Decisions of the Administrative Review Board
David A. Bramble, Inc.
, ARB Nos. 14-090, -091 (ARB Dec. 17, 2014)
Orders Dismissing Petitions for Review Without Prejudice PDF
The ARB dismissed without prejudice the Petitioner's petition for review under the Davis-Bacon Act of a minimum conformed wage rate where the Petitioner did not respond to the ARB's order to show cause why the petition should not be dismissed for lack of a final decision as required by 29 C.F.R. § 7.1. The Administrator of the Wage and Hour Division had averred that the matter was not ripe for review because there had not been a final ruling in the matter by the Wage and Hour Division.
Speegle v. Stone & Webster Construction, Inc.
, ARB No. 14-079, ALJ No. 2005-ERA-6 (ARB Dec. 15, 2014)
Final Decision and Order PDF
[Nuclear & Environmental Digest XI D 1]
CLEAR AND CONVINCING EVIDENCE BURDEN OF PROOF MET BY RESPONDENT WHERE THE COMPLAINANT ENGAGED IN A PROFANE OUTBURST AT A STAFF MEETING ANNOUNCING A CONTROVERSIAL NEW POLICY WHERE THE COMPLAINANT WAS IN A LEADERSHIP CAPACITY, THE COMPLAINANT S SUPERVISOR UNDERSTOOD THE OUTBURST TO MEAN THAT THE COMPLAINANT WOULD NOT COMPLY WITH THE NEW POLICY, AND THE OUTBURST OCCURRED AFTER MANAGEMENT HAD MADE IT CLEAR THAT ITS DECISION ON THE NEW POLICY WAS FINAL; ALJ SUFFICIENTLY CONSIDERED FACTS THAT WOULD HAVE CHANGED IN THE ABSENCE OF THE COMPLAINANT S PROTECTED ACTIVITY; ALJ FOUND THAT THE COMPLAINANT S OUTBURST DID NOT EXPRESS ANYTHING REGARDING POLICY S IMPACT ON SAFETY BUT ONLY CONCERN ABOUT LOSS OF JOURNEYMAN JOBS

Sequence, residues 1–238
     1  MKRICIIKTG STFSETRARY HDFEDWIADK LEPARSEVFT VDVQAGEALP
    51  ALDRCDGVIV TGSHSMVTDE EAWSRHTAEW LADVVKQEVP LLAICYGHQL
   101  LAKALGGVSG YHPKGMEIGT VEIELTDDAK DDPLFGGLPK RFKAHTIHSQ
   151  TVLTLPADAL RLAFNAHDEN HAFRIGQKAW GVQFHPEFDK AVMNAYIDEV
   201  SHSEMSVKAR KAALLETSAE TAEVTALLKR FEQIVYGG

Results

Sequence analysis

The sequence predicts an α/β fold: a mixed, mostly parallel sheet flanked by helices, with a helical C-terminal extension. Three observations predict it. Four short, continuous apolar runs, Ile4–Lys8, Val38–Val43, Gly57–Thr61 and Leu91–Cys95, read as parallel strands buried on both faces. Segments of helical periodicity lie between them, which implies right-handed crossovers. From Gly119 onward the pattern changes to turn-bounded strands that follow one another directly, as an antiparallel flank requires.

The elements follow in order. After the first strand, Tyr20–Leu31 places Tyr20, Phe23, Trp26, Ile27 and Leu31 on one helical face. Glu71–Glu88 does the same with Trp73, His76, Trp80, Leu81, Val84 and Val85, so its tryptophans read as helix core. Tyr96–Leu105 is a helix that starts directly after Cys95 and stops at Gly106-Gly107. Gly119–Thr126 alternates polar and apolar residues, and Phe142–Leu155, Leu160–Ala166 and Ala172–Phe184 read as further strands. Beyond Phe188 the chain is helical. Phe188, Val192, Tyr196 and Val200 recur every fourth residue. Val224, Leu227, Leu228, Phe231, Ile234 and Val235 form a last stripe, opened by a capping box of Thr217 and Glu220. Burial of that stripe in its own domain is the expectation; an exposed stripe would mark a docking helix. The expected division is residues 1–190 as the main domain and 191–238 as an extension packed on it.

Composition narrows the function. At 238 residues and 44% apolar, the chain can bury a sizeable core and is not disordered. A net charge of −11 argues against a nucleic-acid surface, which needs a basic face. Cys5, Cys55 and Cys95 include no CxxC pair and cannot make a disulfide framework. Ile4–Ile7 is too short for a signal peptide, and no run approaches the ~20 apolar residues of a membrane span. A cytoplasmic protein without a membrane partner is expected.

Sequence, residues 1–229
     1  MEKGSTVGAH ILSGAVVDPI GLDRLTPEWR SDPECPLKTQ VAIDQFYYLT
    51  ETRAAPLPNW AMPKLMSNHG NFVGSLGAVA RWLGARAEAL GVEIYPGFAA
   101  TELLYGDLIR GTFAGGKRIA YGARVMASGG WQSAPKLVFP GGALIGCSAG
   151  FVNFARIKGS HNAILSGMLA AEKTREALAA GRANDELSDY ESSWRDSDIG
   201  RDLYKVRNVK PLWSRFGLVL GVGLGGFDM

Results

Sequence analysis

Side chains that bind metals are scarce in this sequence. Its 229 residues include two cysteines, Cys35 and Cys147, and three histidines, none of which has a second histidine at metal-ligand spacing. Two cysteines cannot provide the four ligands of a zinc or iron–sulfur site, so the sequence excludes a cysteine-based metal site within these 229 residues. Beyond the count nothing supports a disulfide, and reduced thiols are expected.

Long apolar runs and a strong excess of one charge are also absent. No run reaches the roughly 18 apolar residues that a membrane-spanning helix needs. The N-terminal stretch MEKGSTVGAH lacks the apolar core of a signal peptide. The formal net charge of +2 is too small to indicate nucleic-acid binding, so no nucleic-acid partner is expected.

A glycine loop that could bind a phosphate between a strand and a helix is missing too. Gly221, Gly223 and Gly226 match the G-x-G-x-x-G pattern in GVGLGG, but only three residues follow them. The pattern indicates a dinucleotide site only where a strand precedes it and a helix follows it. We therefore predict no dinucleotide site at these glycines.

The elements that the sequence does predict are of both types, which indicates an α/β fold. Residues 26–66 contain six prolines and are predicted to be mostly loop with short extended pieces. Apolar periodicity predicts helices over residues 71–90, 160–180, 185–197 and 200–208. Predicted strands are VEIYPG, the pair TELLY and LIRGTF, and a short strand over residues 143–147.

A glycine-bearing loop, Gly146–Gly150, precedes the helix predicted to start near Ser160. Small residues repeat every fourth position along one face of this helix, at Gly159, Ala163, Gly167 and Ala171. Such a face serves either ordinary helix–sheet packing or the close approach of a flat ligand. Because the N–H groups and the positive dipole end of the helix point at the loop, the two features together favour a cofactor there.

In Speegle v. Stone & Webster Construction, Inc. , ARB No. 14-079, ALJ No. 2005-ERA-6 (ARB Dec. 15, 2014), the Complainant was a journeyman painter and foreman. He and other journeymen opposed a management plan to certify apprentice painters for certain painting repair work. The opposition included both protected nuclear safety concerns and union issues. As a result, there was tension in the workplace. In a meeting in which management announced that it approved the plan the certify apprentice painters, the Complainant stood up and told the general foreman in a loud voice in front of other members of his journeymen crew that management could take the plan and 'shove it up their ass. The Complainant also testified that before walking out of the meeting he may had told the general foreman [t]hank you; you just gave all these people's jobs away. A supervisor viewed the Complainant's outburst as meaning that he would not comply with management's decision. The Complainant was suspended and then terminated from employment for insubordination. A lengthy adjudication of the Complainant's ERA whistleblower complaint before the Department of Labor and the Eleventh Circuit ensued. In a 2013 decision on remand, the second ALJ on the case determined that the Respondent had established by clear and convincing evidence that it would have taken the same action against Complainant absent the protected activity. In a two judge majority decision in April 2014, the ARB remanded the matter because it found that the ALJ had failed to discuss some material facts or to discuss what facts would have changed absent the protected activity. In its remand decision, the ARB